The industry and academic institutions in China are also tapping into global creativity for innovative and sustainable proposals. The inaugural International Bamboo Architecture Biennale, curated by local artist Ge Qiantao and Japanese architect George Kunihiro, took place in 2017 in the village of Baoxi in China’s Zhejiang province. Eighteen bamboo structures were designed by 12 architects (including Kengo Kuma, Vo Trong Nghia, Anna Heringer, Simon Velez, and Keisuke Maeda) and introduced as a resource for the local village, where the material is in abundance. The buildings were an exercise in contemporary and sustainable design and have provided a benefit to the village, not least in their new incarnation as a travel destination.
Tsinghua University, in collaboration with New York-based design firm Studio Link-Arc, conceived the China pavilion for the Milan Expo 2015. Achieved with modern construction technology, a timber frame that referenced a raised-beam system found in traditional Chinese architecture was used for the pavilion’s roof. The layer of shingled bamboo roof panels that mimicked terracotta tiles created evocative light and shadow effects on the building’s translucent, waterproofing surface.
Early in 2017, the French Mimesis Architecture Studio, which is based at Southeast University in Nanjing, designed a bamboo-lined Wuxi Harbour Bridge in China’s Jiangsu Province in celebration of the region’s traditional bamboo processing techniques. Built along the bank of Taihu Lake in Dingshu Town, the bridge stretches almost 100 metres across the water to make way for drivers, pedestrians and cyclists. The steel bridge comprises triangular-shaped frames filled in with latticed bamboo poles to provide a durable structure. The undulating structure takes the form of an archway under which the traffic flows.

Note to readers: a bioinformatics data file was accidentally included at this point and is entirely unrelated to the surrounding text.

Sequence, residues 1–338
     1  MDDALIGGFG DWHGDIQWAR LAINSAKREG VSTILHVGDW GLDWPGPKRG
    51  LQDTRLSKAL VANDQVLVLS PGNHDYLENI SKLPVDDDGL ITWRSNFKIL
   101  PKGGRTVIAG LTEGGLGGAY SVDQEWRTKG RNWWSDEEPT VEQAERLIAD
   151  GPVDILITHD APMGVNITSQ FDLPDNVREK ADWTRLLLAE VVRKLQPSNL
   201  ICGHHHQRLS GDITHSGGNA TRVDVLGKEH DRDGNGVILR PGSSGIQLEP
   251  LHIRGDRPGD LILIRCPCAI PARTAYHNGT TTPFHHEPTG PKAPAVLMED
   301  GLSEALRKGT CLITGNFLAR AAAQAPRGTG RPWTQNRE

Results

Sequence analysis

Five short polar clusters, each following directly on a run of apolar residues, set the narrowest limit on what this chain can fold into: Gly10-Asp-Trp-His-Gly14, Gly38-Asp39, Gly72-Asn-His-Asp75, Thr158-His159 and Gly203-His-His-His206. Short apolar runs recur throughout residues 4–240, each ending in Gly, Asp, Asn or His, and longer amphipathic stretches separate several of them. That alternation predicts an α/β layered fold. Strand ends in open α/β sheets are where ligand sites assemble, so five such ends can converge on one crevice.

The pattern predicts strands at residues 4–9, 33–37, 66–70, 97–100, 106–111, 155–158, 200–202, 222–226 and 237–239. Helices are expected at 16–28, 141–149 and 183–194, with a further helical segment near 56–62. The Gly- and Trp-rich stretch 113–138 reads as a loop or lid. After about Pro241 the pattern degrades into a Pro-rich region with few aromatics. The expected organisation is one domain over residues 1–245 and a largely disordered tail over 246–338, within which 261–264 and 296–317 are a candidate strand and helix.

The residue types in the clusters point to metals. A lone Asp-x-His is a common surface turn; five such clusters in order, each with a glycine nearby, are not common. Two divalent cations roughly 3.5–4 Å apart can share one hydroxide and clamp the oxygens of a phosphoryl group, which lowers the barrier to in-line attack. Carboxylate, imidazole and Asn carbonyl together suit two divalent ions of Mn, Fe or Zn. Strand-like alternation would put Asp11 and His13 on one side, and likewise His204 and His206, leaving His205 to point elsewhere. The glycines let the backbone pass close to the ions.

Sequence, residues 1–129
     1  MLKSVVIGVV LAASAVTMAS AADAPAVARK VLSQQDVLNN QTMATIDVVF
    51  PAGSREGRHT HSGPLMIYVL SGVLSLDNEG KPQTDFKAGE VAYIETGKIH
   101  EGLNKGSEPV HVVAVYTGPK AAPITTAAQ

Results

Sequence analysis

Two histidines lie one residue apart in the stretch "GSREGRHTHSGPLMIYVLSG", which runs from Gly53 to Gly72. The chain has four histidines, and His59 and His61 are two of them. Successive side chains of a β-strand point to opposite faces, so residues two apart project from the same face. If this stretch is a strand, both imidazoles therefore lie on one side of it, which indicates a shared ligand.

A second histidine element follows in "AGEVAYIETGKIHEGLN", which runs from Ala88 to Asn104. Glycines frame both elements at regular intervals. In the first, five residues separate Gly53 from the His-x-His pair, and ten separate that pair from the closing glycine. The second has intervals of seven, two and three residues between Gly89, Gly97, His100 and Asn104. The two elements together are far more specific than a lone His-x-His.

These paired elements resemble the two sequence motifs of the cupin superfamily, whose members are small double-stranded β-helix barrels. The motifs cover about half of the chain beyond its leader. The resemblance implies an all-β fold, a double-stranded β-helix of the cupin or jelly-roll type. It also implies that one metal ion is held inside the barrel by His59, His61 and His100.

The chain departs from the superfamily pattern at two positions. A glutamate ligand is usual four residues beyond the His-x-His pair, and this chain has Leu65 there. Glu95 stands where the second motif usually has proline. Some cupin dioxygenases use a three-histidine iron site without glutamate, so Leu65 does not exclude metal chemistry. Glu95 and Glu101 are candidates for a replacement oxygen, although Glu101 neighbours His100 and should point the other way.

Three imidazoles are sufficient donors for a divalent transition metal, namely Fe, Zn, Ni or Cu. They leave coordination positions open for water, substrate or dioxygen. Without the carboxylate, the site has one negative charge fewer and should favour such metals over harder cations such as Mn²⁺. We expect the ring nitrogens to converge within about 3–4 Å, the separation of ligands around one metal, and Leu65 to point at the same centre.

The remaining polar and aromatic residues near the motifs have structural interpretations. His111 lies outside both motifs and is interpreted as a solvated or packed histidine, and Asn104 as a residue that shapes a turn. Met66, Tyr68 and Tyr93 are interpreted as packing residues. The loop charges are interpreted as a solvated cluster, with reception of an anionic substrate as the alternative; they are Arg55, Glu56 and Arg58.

Working with students from Hong Kong University, Irish architect Donn Holohan created Sun Room, a bamboo pavilion in Fujian province, making use of the dying Chinese bamboo weaving techniques to create communal spaces for the local residents. Stressing the cultural aspect of the natural material, the team realised the design with the aid of modern technology, while building solely in the age-old tradition. The project aimed to revive these crafts in the community and offer the village an opportunity to improve their living with tourism.
The far-reaching influence of bamboo architecture
Meanwhile in Thailand, local bamboo-specialist Chiangmai Life Architects took on the challenge to create an activities space for schoolchildren using only bamboo to minimise the school’s carbon footprint. The resulting design, Panyaden School Bamboo Sports Hall, is able to accommodate 300 students, utilising prefabricated bamboo trusses to span more than 17 metres without steel reinforcements or connections while blending with the natural surroundings. The structure was designed to withstand high-speed winds, earthquakes, and other natural forces common to the region. Paris-based architect Monica Donati has completed the first stage of an office complex that sits between urban and rural areas near the Line d’Eau in France’s Lieusaint region. With the use of repetitive patterns, Immeuble Bambou (Bamboo Building) blends into its surroundings. The bamboo exterior fractures the light and form and multiplies views of the water and greenery; it shields the sun in the day, while at night the cladding transforms into an illuminated lantern.
The new wave of bamboo buildings may still be in its infancy, but the innovative interpretations of this centuries-old skill look set to provide exciting times ahead for this most natural of architecture. §